Many of my sculptures represent two forms pulling away from, or compressing against, each other. They act as metaphors for human relationships that are based on impending separation or forced attachment. Many people find the development of relationships to be a source of anxiety, and I attempt to express this interactive struggle through the physical movement of the clay.

Heidi Kreitchet Beginning in 1999, at Northern Arizona University under the direction of Don Bendel, and Jason Hess, Kreitchet explored wood firing for the next five years. After graduation, Kreitchet was fortunate to assist renowned ceramic artist Don Reitz. During the two year assistantship in Clarkdale, Arizona, working and living on “the ranch” was a challenging experience for Kreitchet—physically, mentally, and spiritually. By watching and absorbing Reitz’s skillful techniques with hand building, Kreitchet was inspired to push her own ideas with clay.

Kreitchet went on to receive her MFA at Utah State University under the guidance of John Neely and Dan Murphy in May of 2009. For ten years, she was the Studio Director at AMOCA Ceramics Studio in Pomona, CA. Currently Kreitchet is a studio artist focusing primarily on painting and sculpture.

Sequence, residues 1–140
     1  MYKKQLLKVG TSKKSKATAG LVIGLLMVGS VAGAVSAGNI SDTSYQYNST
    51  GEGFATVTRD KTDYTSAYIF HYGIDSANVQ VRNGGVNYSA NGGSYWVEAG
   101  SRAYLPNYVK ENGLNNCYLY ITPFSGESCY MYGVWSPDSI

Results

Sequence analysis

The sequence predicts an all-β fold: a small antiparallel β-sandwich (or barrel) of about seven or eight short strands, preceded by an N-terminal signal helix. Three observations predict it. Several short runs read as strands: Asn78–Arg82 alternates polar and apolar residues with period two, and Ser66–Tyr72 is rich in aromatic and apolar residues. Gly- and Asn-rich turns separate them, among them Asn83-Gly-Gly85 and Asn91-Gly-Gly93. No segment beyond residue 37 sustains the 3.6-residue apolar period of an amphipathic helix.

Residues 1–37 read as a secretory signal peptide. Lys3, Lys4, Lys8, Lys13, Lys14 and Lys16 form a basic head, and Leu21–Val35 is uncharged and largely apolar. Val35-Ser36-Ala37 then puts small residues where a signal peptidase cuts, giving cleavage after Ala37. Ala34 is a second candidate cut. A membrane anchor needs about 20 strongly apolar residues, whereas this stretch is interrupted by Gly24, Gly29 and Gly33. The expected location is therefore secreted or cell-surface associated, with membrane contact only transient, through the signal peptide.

Artist Statement: I am interested in creating work that expresses my exploration of clay bodies, form, and line. This interaction between the malleable, versatile clay is informed by my immediate reaction to the physical quality of the material. My emotional, intuitive, and physical reaction to handling and manipulating the clay provides the pieces with passion, power, animation, and elasticity.

Cynthia Morelli received her BFA (1986) from New York State College of Ceramics at Alfred, where Tony Hepburn guided her to unlearn preconceptions about what she could do with clay. After graduating, Morelli spent five years living in Japan, three of those years with a Cultural Visa studying Butoh and calligraphy. She has been a studio artist in Homer, Alaska since 1993, exhibiting around the state and nationally. Morelli was awarded a Rasmusson Foundation Fellowship in 2020.

Artist Statement: To my mind, my work suggests associations that become metaphors for my physical body. Sometimes I shelter delicate porcelain forms within a thick, coarse stoneware exterior. This gentle nestling is a protective embrace, much as my internal organs and soft viscera are held in suspension in the cavity of my pelvis, spine, ribs and shoulders. Working within this small-stature female frame, I search for a definition of “female” in my sculpture and drawing that is raw, impulsive, explosive and exuberant: formidable enough to survive, thrive and be playful. I view these energetic qualities in a positive light. I feel it is vital that my impetus to make work stems from who I am—an emotional being within my female physical structure.